It is often said that where the Americans lead us Brits follow, usually about six months afterwards.
While there are some notable exceptions most trends begin their trans-Atlantic journey Stateside, which is understandable considering the sheer difference in size of the two nations: the US has a population 311 million folk while 60 million of us call the United Kingdom home.
Our obsession with all things American is a mystery to some Little Englanders, who believe that the larger, brasher nation is one devoid of any real culture and is corrupting influence on modern society.
Although we speak the same language there are real differences between our societies with the most obvious difference being the conflicting attitudes to guns.
The vast majority of Brits simply do not get or American cousins’ obsession with firearms and even more perplexed by the steadfast refusal of some to acknowledge there is a problem with this national addiction to bullets even after the appalling events of Friday when 20 beautiful six and seven-year-old babies were slaughtered in their classrooms alongside six female school staff in Newtown, New England.
There is not one parent I have spoken to who has not hugged their own youngsters that little bit tighter following the massacre at Sandy Hook Elementary School – it truly is an international tragedy, with much of the interest now focusing on whether or not this unspeakable tragedy will change America’s relationship with the gun.
Many think that once the initial outrage and, wholly justifiable, wailing of a nation has subsided then any suggestion of a change in the US’s notoriously lax gun laws will be pushed to the back of the national agenda.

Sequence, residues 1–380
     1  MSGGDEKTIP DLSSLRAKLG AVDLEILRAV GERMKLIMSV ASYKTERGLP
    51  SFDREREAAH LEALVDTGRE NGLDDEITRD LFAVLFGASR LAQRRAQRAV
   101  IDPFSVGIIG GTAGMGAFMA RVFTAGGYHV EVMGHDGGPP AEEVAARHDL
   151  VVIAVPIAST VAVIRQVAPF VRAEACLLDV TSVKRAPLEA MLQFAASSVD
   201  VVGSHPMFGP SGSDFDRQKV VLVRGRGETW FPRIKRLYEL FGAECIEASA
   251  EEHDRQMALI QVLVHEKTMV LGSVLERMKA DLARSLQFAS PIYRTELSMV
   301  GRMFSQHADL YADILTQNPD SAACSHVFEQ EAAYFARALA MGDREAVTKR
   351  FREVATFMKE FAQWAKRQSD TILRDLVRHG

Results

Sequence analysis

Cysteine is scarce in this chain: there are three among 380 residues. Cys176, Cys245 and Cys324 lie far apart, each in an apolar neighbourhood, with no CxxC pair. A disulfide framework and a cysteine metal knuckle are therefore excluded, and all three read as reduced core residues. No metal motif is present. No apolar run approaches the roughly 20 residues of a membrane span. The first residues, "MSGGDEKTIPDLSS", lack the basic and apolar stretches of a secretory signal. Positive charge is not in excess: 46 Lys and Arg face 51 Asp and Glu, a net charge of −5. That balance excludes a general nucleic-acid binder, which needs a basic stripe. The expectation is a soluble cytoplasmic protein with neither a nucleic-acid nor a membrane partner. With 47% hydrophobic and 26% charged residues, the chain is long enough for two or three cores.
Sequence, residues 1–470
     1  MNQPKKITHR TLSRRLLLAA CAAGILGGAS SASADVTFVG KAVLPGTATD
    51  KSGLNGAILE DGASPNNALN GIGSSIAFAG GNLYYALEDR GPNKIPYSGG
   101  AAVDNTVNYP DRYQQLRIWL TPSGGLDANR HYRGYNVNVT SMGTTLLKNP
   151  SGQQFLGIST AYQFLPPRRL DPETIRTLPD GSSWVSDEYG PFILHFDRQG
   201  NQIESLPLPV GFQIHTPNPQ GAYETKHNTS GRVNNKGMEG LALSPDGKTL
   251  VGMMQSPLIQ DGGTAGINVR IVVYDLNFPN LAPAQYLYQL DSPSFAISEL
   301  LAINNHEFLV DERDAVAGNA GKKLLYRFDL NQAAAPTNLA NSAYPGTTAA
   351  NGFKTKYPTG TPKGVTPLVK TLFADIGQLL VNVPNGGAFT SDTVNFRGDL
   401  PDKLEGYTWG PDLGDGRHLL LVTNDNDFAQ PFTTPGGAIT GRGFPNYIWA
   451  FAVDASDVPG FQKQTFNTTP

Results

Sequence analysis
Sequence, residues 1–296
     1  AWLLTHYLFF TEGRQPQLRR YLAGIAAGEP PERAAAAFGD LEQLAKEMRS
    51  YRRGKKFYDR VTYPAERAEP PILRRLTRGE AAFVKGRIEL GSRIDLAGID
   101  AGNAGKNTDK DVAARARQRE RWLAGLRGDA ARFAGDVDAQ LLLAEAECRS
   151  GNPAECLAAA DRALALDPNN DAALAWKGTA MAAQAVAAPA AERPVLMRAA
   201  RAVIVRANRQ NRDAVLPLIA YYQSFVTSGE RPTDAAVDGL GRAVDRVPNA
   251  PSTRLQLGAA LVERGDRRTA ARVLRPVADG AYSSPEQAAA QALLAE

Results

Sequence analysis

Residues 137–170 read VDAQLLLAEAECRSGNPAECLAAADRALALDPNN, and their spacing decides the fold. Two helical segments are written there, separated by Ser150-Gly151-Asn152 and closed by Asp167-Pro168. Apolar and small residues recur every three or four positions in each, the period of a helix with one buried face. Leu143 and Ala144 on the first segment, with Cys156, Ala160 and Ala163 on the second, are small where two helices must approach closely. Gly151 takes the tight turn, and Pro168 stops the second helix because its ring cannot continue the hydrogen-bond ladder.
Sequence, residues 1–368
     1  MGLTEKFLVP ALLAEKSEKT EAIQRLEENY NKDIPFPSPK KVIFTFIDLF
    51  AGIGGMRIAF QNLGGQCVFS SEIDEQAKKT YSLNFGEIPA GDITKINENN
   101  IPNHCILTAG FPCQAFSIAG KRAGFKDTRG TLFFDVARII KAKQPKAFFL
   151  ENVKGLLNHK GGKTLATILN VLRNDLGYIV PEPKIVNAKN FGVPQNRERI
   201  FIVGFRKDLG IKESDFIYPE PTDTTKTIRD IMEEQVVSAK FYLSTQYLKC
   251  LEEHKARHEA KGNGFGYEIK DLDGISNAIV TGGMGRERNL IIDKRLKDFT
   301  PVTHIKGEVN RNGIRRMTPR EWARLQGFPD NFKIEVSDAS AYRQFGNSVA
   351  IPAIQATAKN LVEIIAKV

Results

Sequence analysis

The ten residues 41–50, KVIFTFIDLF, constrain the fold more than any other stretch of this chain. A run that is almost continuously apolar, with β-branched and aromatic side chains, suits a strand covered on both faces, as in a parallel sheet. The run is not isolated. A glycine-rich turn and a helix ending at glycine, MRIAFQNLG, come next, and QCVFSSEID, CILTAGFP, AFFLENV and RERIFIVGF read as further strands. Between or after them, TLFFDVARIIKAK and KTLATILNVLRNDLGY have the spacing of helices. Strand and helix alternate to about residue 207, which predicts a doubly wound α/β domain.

Anyone who doubted Barack Obama’s tears when he addressed the world shortly after the horrors of Newtown first emerged is a fool, but whether or not he has the stomach for an attritional battle with the all conquering gun lobby over any dramatic changes to current gun laws is a different matter altogether.
The tragedy has been described as America’s Dunblane but whether it will have the same effect on America that the 1996 school shootings had on life here remains to be seen.
But should we care?
After all Sandy Hook is thousands of miles from our shores and, after all, there has not been anywhere near this reaction to the tragic deaths of nine Afghan schoolgirls who died when one of them triggered a landmine while they carried out their daily chores.
The fact is that despite our obvious differences with America we have a real connection with life there – largely due to the miracles of television, cinema and internet.
It is why some British news networks appeared to devote as much time to covering the race to the White House as they did to scrutinising our own General Election. In the Global Village America is our closest neighbour – we admire their triumphs and share their grief.